10 Buildings That Were Put Up or Modified out of Spite
Every so often, buildings are put up not out of need or passion but out of spite. These so-called spite houses are built or modified with the specific intent of irritating the neighbors. Although their initial purpose is to annoy, they occasionally become tourist attractions. Here are 10 of the most interesting (and sometimes strange!) buildings that have been modified or built out of spite.
Related: 10 Eerie Ghost Cities Left Behind by the Soviet Union
10 Carbisdale Castle in Scotland
In 1889, Mary Caroline Blair married George Sutherland-Leveson-Gower, the 3rd Duke of Sutherland. She became the Duchess of Sutherland—much to the displeasure of his family. It should come as no surprise then that when he died in 1892, his will was contested. In an attempt to secure a sizeable inheritance, the Duchess burned documents, but she was found guilty of this crime and spent six weeks in prison.
The family decided to buy her off by giving her the money to build a castle, as long as it was located outside of their estate. The Duchess, feeling scorned, bought a piece of land right on the edge of the estate and had her castle built on a hillside that overlooked their land, ensuring that it would be visible from large portions of their property. As well as a spiteful backstory, the castle comes with 20 acres of land and a loch.
9 Miracle House in New York, USA
In the early 1900s, property developer John Randall was irritated to learn that a rival developer was planning a grid layout in Freeport, New York, which he was opposed to. He had to act quickly if he wanted to stop them, so in a single day, he had a spite house built on a triangular piece of land that was right in their way. This move forced the developers to bend the road to accommodate the already-built house.
Today, a marker at the house reads: “Built in one day to spite a competitor’s efforts in a real estate development race. This forever changed the layout of Lena Avenue and added Wilson Place.” The Brooklyn Daily Eagle reported that Randall was against the planned layout because “a straight line would reduce his frontage of land so as to make it worthless.”
8 The Cake House in Connecticut, USA
Gaylordsville, Connecticut, is home to a run-down spite house that resembles a five-tier wedding cake. The strange house was built in protest by Jan Pol after the authorities took custody of his 15-year-old foster daughter and her baby in 1961. Pol was accused of fathering the baby himself, which he vehemently denied. As well as putting up the cake-like building along Route 7 in protest, he also published a book, Jan Pol: The Passage of My Life (1977), to give his version of events.
Commenting on his foster daughter’s pregnancy, he states, “I could not chain the girl up and always watch what she was doing.” No criminal charges were brought against him, but custody was never restored. He had hoped that he and his wife would be reunited with the girls and they could all live in the house, but it never came to pass.
7 The Equality House in Kansas, USA
In 2012, a picture went viral of nine-year-old Josef Miles standing outside Westboro Baptist Church in Topeka, Kansas, with a sign that read “God hates no one.” This was in response to members of the church aggressively picketing the funerals of veterans, their logic being that the soldiers died defending a country that supports homosexuality, which the church is vehemently against.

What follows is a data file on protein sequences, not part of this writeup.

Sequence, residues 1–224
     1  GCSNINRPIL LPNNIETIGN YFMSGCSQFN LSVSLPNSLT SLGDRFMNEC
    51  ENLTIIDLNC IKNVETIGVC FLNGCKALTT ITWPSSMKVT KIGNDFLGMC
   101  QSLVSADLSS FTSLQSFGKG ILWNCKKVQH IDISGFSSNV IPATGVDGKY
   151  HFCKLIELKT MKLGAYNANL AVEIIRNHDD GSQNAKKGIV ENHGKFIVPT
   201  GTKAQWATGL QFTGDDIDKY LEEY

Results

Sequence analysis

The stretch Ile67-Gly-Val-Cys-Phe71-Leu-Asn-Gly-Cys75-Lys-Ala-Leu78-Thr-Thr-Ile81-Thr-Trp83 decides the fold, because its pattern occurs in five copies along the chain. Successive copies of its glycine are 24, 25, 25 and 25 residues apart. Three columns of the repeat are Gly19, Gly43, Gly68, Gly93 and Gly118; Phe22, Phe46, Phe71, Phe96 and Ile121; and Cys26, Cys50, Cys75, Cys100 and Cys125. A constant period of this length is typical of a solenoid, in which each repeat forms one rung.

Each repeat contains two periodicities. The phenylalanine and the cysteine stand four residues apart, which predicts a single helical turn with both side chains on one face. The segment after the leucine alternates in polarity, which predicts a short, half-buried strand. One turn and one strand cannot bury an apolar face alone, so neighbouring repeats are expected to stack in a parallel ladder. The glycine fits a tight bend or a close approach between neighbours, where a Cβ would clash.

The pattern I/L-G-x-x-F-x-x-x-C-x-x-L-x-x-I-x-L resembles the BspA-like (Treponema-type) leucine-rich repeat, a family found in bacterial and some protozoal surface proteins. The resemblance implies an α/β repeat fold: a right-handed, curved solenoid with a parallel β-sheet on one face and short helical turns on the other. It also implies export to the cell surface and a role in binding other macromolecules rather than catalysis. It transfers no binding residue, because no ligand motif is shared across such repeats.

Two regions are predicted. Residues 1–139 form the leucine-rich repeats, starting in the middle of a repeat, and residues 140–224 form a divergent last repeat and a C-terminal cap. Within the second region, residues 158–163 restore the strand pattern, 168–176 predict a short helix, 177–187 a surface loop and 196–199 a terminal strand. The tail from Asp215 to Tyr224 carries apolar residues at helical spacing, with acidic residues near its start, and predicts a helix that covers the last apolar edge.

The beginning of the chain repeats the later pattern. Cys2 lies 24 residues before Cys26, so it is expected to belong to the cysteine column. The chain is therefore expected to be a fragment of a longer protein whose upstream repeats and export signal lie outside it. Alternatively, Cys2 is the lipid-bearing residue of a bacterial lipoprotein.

Aaron Jackson, co-founder of the charity Planting Peace, saw the picture and, when looking into it, discovered that a house across the street from the church was for sale. “I’m gonna buy that home, and I’m gonna paint it the color of the pride flag,” he decided. That house had already been sold, but another one nearby, on the corner of 12th and SW Orleans streets, was available, so he snatched it up for $81,000.
Contractor Mike McKessor, a military veteran, agreed to do the paint job because “I don’t like them [Westboro] messing with veterans.” It has been dubbed the “Equality House” and is used as a resource center for Planting Peace. Westboro told CNN that they “thank God for the sodomite rainbow house. It is right across the street from the only church that loves people enough to tell them the Bible truth about the filthy, soul-damning, nation-destroying sin of sodomy… The sodomite rainbow house helps shine a bright spotlight on this!”
6 Marino Crescent in Ireland
James Caulfield, the Earl of Charlemont, was particularly fond of the scenic view from Marino House in Clontarf, Dublin, which took in his extensive gardens and the sea beyond. He even built a summer house nearby, Casino at Marino (“Casino” means “little house” in this context, not “gambling den”), to better enjoy the view.
Caulfield was, therefore, vexed when he found out that property developer Charlie Ffolliott was going to be building a crescent of houses that would partially obscure his sea view. He attempted to stop Ffolliott by overcharging him for the toll road that needed to be used to bring building materials to the site. As a result, Ffolliott was forced to bring the materials in via the sea on a barge, so he took revenge by deliberately blocking as much of the earl’s view as possible.
Ffolliott made the two central houses in the crescent taller than the rest because they were in the direct sightline of the earl’s living room, and while the houses look elegant from the front, from the Earl’s view at the back, they are deliberately irregular, with windows of various sizes and haphazard annexes. The houses were completed in 1792, and in 1847, number 15 served as the birthplace of Dracula author Bram Stoker.